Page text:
Ice storms around the country mean delays and more delays. We leave Baton Rouge so late that I’m convinced I’ll miss my connecting flight in Atlanta. When I ask a sweet flight attendant about it, she says I’ll only have 20-minutes, but it can be done. It doesn’t help that ATL is the busiest airport in the country, but she tells me exactly where to go and what to do (“walk down those escalators–don’t just ride!”) to help me move faster.
I sprint off that plane, destined for Gate 16. But wait. My app is telling me the flight is now leaving from Gate 23 and not for another four hours. I am now angry and cursing technology. WHO IS LYING TO ME? IS IT YOU, FLIGHT BOARD, OR THE APP? *shakes fists at technology* I continue sprinting toward Gate 16 just in case. I see it! “Pittsburgh, final boarding call!” I’ve made it! Except I haven’t. Apparently, sometimes flights leave earlier than scheduled. Did you know that? I did not. I am now stuck for an extra four hours, putting my head-on-pillow arrival time home at 2AM. I am not happy, but resolve to make the best of the situation and order several vodka tonics. Please note: the company does not pay for these.
Finding a quiet-ish spot, I FaceTime the fam. I listen as my kids, who are getting ready for bed, sleepily regale me with stories of their day. We say our I-love-yous then I walk around until stores and restaurants begin closing. I’m antsy and tired when I collapse in the only cluster of empty seats left at my gate. Soon, though, a man three seats over, lies down bringing his Croc-clad feet dangerously and disgustingly close to me. I recall the banana chewer and am filled with anxiety, anticipating repeated grossness.
I begin the breathing exercises I typically reserve for when hurtling through the sky at 500MPH.
Deep breath in through the nose,
out through the mouth.
In through the—-what in the actual hell is that smell?
Croc guy shifts uncomfortably, and continues relieving himself of noxious gas. My gag reflex is triggered. I begin actively forcing air out of my nostrils. And just when I think this human being can’t get any grosser, he tosses off his Crocs, proceeds to shove his legs through the arms of his jacket, bare friggin’ feet poking out of the sleeves, toes brushing up against my leg.
This man makes it very difficult to not choose violence today.
I crush the empty paper coffee cup in my hand, pretending its Croc Man’s head, and stalk over to the garbage. I slam the cup into the can, happier breathing in trash.
Fortunately, it’s time to board. I patiently wait as everyone and their diamond and gold and priority status pass me. Finally, it’s my non-diamond, no-gold, zero-priority turn. Happily, I swipe my phone over the barcode reader and am immediately asked to step out of line because my ticket isn’t recognized.
Jesus, take the wheel.
Gatekeeper man informs me I am not properly checked-in. I inform him and everyone within earshot that this is false. Losing my cool just a bit, I promise the gatekeeper man in tones maybe a bit too loud: “This is my flight, sir. I have a seat.” After much type-type-typing at his computer, he asks to see my ID. I am about to burst into exhausted tears. Type-type-type. “Oh, I see!” he exclaims. “Your first name isn’t Jan!”
Me: No. It is not.
Gatekeeper man: Your first name is Stephanie!
GM: Your last name begins with Jan, but it’s not your first name!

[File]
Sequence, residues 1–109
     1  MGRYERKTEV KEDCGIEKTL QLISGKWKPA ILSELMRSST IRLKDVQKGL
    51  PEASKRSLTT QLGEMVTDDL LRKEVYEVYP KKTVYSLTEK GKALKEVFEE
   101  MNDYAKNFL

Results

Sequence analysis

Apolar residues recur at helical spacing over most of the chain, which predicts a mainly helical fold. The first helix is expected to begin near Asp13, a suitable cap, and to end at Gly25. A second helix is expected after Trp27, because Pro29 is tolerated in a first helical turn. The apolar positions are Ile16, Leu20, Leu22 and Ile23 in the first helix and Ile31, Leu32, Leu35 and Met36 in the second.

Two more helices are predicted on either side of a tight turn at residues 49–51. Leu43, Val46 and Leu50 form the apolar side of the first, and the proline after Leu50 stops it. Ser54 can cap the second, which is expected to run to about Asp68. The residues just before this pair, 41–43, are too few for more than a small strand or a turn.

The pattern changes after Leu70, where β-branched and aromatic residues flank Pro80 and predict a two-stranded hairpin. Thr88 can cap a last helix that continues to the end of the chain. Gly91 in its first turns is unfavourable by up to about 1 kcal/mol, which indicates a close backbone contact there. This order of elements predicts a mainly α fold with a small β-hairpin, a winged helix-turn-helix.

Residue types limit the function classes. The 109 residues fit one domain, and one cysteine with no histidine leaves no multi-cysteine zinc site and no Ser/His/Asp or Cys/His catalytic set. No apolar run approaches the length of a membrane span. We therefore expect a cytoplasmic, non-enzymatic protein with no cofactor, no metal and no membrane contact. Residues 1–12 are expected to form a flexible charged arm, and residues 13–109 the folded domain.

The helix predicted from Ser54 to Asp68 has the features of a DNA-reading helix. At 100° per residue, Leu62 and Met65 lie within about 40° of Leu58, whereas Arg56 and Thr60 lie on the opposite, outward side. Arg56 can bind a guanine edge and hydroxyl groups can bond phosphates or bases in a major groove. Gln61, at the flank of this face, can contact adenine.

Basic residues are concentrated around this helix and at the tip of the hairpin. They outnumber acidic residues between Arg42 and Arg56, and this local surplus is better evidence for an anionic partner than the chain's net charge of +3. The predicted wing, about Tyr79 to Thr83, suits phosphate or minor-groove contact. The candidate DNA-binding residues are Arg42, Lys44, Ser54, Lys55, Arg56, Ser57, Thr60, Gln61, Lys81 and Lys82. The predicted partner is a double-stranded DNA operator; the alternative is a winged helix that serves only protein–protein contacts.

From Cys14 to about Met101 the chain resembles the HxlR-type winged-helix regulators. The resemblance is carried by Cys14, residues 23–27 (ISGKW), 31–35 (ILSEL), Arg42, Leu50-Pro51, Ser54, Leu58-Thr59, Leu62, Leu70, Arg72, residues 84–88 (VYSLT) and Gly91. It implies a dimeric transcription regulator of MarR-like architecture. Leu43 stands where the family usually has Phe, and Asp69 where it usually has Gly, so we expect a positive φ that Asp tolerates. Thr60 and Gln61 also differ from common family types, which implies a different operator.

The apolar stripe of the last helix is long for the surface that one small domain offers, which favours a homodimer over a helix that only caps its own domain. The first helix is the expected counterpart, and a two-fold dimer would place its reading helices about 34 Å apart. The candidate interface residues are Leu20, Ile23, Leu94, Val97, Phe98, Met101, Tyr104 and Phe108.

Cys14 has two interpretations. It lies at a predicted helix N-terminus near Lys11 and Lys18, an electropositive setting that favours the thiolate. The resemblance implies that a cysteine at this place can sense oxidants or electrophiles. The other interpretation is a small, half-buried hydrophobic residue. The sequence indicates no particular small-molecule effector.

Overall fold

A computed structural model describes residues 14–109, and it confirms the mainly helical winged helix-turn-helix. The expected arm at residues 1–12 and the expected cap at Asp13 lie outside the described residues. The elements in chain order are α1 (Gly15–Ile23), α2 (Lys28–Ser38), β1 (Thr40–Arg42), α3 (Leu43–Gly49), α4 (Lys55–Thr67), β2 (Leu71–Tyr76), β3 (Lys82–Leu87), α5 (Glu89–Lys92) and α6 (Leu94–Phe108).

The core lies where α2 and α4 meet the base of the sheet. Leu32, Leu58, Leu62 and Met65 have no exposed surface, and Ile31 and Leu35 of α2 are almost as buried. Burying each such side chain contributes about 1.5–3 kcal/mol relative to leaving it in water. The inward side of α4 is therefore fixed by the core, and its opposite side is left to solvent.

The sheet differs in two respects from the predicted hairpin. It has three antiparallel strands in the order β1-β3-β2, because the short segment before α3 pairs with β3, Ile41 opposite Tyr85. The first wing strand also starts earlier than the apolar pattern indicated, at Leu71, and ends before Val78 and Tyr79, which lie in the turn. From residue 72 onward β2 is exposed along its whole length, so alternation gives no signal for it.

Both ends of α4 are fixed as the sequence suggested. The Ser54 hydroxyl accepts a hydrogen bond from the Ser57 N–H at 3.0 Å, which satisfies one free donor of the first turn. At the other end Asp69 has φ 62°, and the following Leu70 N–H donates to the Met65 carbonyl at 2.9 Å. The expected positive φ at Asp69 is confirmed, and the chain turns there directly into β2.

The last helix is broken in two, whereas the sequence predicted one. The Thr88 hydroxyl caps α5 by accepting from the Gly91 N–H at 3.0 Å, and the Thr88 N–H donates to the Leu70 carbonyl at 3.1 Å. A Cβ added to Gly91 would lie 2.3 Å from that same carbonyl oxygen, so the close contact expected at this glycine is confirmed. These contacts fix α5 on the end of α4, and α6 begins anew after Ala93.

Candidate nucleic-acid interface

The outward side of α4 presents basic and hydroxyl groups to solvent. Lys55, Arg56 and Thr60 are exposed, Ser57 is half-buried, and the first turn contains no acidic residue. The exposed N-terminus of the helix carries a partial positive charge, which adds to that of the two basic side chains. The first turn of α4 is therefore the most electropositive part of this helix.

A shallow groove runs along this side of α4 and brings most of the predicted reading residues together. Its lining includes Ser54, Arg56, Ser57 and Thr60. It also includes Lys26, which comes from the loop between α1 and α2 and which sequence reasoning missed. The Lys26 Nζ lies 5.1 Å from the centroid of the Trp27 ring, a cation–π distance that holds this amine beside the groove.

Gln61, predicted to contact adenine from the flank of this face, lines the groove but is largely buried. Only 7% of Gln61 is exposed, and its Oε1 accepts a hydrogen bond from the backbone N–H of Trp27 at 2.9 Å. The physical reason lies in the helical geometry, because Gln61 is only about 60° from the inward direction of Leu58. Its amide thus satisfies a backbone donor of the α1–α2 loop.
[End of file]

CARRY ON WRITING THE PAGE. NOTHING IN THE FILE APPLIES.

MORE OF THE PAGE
Me: *looks around for someone to hold my hoops*
GM: You do have a seat, there it is!
Gatekeeper man swipes my ticket and yells cheerfully in my face, “Welcome aboard!” unaware of how close he came to his untimely demise.
More reruns of Schitt’s Creek lull me in and out of sleep until finally touching down in Pittsburgh. The shuttle to my car is quick and I’m grateful, mostly because I’m still dressed for 70-degree Baton Rouge weather.
My hour drive home is thankfully uneventful. The house is quiet and everyone is asleep except for the dog who meets me at the top of the basement steps, tail whapping against the wall with excitement. She howls when I begin my ascent which is sweet of her. I appreciate the extra effort.
Flicking on the kitchen light, my eyes are accosted by what appears to the aftermath of a police raid. Countertops strewn with dishes and water bottles and lunchboxes and crumbs. Open cabinet doors and drawers. I trip over the stool I use to reach anything taller than 5-foot because someone has left it in the middle of the kitchen floor. The living room isn’t much better with pillows and blankets and hoodies and I don’t know what else tossed all over the floor. I notice the birthday gift my youngest was to have given her friend two days ago is in the same spot as when I left. Maybe not a police raid after all…
Beside the gift, a to-do list she made for me with a handful of pressing action items such as “make my bed.” I’d washed her sheets before leaving, assuming one or a combination of the other four people in the house could handle putting them back on her bed. I assumed incorrectly.
I follow the trail of literal dirt, abandoned socks, and uncoupled shoes up the stairs. Because I’m a glutton for punishment, I peek in at the bathroom garbage cans. Overflowing, naturally. Tomorrow is garbage day. No one cares. Welcome home.
In the morning, I’m greeted with hugs and kisses and sincere squeals of “we’re so happy you’re home!” I’m presented a vase of yellow tulips and I forget about the mess. When my 13-year-old son hugs me, though, I can’t help but wrinkle my nose. “Yeah, you stink,” I tell him. “Oh, I think I forgot to shower last night,” he offers. “Weren’t you playing basketball for, like, four hours at the YMCA?” I venture. He shrugs. My 11-year-old announces I must do her laundry in the span of 20-minutes because she will literally die if she can’t wear her favorite leggings today.
Yes. Welcome home indeed.